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Elder Neil L. Andersen Visits Tonga

Mormon Apostle Meets with Church Members, Government Leaders and Journalists

“My most important message is that God lives; He is our Father; we are each His sons and daughters,” said Elder Neil L. Andersen of the Quorum of the Twelve Apostles of The Church of Jesus Christ of Latter-day Saints to members of the news media soon after arriving in Tonga last Saturday [22 February 2014].

Elder Andersen had come to meet with leaders, missionaries, and other members of the Church in Tonga. He was accompanied by his wife, Sister Kathy Andersen, and by Elder James J. Hamula, Latter-day Saint president of the Pacific Area, and his wife, Sister Joyce Hamula.

Members of the Nuku’alofa Tonga Halaliku Stake (diocese) welcomed the leaders to Tonga with a traditional tau’olunga (solo) dance followed by a ma’ulu’ulu (standing) dance outside their hotel.  They were accompanied by singers and drummers. 

That evening, Elder and Sister Andersen and Elder and Sister Hamula attended a cultural celebration involving 3,000 Latter-day Saint youth from the 14 stakes on the island of Tongatapu in Tonga. The evening featured traditional music and dance, was enjoyed by hundreds of spectators, and was broadcast live on the radio throughout the Tongan islands. The event was also video recorded and broadcast over Tongan television the following night.

Prime Minister of the Kingdom of Tonga, Lord Tu'ivakano; the Acting Australian High Commissioner to Tonga, Bronya Cranswick; and the New Zealand High Commissioner to Tonga, Dr. Mark Talbot, were among the dignitaries who attended the event.

On Sunday Elder Andersen spoke to the members of the Nuku’alofa Tonga North Stake.  He praised their singing, saying to the choir, “You could teach the whole Church about singing.”

He also said, “I love the Lord and I assure you that He loves you. He pulls us to Him, to comfort us, strengthen us, and one day to receive us.” 

He told two stories to the children about tithing, and encouraged the parents to help them earn money so they could learn to pay tithing while they are young. 

To the parents he told a story of President Thomas S. Monson ministering to the “one” and of staying faithful and true.  To the senior members he told the story of a 113-year-old Brazilian woman who joined the Church when she was 103.  “You are never too old to learn,” he said.

At the conclusion of the meeting Elder Andersen stayed to shake hands with more than 800 Church members and guests who sought to meet him. 

On Sunday evening more than 1,500 prospective missionaries filled the Liahona High School gymnasium to hear Elder Andersen speak.  He told them of his love for them and then added, “Heavenly Father loves you exactly like He loves me.  As we love others, our capacity to love expands.  Our challenge is to let everyone know who they are, and we must understand who we are.”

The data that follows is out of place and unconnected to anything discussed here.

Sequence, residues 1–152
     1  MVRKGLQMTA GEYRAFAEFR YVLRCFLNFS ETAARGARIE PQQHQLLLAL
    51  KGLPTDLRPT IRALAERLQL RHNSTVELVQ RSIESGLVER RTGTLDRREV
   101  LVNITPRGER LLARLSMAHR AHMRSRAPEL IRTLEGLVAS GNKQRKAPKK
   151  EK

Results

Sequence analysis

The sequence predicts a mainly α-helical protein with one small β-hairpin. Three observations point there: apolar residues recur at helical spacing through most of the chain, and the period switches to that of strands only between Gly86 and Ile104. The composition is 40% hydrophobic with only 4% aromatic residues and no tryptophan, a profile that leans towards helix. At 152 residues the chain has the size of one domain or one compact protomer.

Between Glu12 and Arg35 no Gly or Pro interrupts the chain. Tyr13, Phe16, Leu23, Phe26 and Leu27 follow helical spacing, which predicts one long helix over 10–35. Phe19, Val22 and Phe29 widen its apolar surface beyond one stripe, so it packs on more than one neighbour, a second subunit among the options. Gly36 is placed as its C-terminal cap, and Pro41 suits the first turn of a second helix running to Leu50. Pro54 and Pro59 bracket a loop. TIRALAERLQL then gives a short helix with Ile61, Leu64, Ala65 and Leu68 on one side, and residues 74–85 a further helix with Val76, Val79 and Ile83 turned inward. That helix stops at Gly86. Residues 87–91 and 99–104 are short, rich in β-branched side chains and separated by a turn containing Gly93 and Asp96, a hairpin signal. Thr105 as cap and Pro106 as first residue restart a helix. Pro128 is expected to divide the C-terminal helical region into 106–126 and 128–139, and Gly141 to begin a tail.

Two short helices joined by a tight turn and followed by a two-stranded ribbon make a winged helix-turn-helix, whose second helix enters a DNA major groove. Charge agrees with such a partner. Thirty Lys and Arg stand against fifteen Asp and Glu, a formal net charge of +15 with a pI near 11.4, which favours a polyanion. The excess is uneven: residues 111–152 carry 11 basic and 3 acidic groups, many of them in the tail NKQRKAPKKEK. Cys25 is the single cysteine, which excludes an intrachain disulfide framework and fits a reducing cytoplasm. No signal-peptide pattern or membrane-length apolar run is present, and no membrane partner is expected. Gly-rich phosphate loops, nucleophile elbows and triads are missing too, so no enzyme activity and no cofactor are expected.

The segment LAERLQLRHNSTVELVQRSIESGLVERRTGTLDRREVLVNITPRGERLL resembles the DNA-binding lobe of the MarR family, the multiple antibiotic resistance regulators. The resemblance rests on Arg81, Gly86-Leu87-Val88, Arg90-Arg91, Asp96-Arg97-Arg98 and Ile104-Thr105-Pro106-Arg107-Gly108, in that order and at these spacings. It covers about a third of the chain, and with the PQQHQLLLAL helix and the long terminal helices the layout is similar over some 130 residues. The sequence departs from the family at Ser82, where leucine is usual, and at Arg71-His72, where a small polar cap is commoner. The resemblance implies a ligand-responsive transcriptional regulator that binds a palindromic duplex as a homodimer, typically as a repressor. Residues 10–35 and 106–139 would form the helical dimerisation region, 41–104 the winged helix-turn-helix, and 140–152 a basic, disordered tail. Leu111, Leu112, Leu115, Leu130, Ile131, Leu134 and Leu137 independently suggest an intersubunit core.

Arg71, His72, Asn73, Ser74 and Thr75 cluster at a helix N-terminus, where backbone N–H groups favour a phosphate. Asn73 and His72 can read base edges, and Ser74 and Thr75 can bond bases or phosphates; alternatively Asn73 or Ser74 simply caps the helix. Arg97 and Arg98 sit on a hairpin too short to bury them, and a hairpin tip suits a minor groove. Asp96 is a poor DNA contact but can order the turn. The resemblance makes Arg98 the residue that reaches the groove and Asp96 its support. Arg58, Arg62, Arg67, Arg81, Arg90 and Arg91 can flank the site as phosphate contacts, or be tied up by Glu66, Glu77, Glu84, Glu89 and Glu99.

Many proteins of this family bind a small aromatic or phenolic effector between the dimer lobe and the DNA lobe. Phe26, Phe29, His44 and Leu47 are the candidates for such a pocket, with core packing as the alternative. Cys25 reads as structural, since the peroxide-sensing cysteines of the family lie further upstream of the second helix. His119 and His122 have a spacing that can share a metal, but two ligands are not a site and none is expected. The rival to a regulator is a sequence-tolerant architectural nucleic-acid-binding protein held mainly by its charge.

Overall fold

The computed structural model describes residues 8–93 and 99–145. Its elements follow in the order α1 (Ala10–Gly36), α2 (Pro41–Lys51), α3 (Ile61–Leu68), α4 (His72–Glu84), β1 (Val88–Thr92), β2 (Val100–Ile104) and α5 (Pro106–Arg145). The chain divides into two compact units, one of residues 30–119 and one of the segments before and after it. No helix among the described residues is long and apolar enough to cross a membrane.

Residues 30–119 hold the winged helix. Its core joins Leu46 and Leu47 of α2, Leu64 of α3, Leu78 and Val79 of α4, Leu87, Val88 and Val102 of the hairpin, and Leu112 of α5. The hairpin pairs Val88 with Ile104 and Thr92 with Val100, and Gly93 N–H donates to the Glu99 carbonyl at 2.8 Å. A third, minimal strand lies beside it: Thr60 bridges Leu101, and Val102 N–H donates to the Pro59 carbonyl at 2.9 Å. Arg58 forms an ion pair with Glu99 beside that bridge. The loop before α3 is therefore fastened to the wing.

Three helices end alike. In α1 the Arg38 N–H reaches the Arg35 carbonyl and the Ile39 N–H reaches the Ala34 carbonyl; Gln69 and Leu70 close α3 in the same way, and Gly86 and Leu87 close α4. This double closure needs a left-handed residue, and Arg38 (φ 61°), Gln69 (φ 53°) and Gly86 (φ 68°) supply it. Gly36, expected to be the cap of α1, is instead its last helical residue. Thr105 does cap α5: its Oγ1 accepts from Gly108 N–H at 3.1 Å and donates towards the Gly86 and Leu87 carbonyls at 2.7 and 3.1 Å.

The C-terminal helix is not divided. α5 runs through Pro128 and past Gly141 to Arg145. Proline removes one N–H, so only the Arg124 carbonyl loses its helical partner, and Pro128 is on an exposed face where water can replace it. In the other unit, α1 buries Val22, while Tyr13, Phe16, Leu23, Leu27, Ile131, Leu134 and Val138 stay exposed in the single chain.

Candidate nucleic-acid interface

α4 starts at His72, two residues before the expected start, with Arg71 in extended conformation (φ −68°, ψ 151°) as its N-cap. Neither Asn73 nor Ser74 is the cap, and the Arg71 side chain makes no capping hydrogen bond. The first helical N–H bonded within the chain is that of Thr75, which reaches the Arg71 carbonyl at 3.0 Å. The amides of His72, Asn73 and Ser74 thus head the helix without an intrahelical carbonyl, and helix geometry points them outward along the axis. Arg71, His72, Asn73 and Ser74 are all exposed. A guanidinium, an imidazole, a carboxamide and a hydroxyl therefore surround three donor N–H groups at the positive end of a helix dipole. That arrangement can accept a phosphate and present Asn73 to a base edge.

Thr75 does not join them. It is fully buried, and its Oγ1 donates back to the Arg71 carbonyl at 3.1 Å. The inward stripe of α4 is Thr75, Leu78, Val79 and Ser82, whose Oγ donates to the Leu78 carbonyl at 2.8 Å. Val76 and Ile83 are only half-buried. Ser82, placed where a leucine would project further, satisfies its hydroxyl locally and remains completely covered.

Elder Andersen filled the evening with a variety of lessons. 

He told of Daniel’s interpretation of Nebuchadnezzar's dream of the Kingdom of God starting as a stone cut out without hands and growing until it fills the whole earth.  He illustrated this by asking the choir conductor to sing the first line of the Latter-day Saint hymn, “I Am a Child of God”, solo. Then at the end of each line he asked a section of the audience to join in. At the end, the entire congregation was singing together. 

Elder Andersen compared the changes and growth experienced by youth to the metamorphosis of the monarch butterfly.  After the meeting, Dean Huhane of the Kahoua Second Ward, said, “I like the story of the butterfly, how each of us has our own beauty and we don’t have to think we have to be like someone else.  Everyone is beautiful in one way.”

Stake presidents (leaders of a group of Mormon congregations) were asked spontaneously to tell the strengths they observe when missionaries return from their service.  Sione Ngauamo from Kahoua Second Ward said, “I enjoyed hearing what the stake presidents shared about returning missionaries.  My favourite was that they had ‘improved testimonies of Jesus Christ.’”

Gordon Tealofi, of the Kahoua Second Ward, was impressed with Elder Andersen’s comment that “…even though we speak different languages, we are all one.  We are all sons and daughters of God.  And He has the same love for me as he does for the apostles.”

Elder Andersen told the youth and young adults, “We need you. The prophet needs you. The Lord needs you.

The audience was especially appreciative of Sister Andersen's story of her little grandson who had kicked his brother.  When asked why, he responded, “I lost my CTR [Choose the Right] ring and so I couldn’t choose the right.” Elder Hamula reinforced the importance of the decisions we make: "If you make a decision to begin your day with prayer, it strengthens you. If you open up the scriptures and read, it gives you the vision of who you will become."

During Elder Andersen’s short visit to Tonga he also met with some 500 local Latter-day Saint leaders in a leadership training meeting, as well as 200 missionaries from the Church’s Tonga Nuku’alofa Mission.

Elder Andersen again witnessed of Jesus Christ, as he concluded his visit to Tonga.  “I am His witness.  I know He lives.  I so declare it in his holy name, the name of Jesus Christ.”

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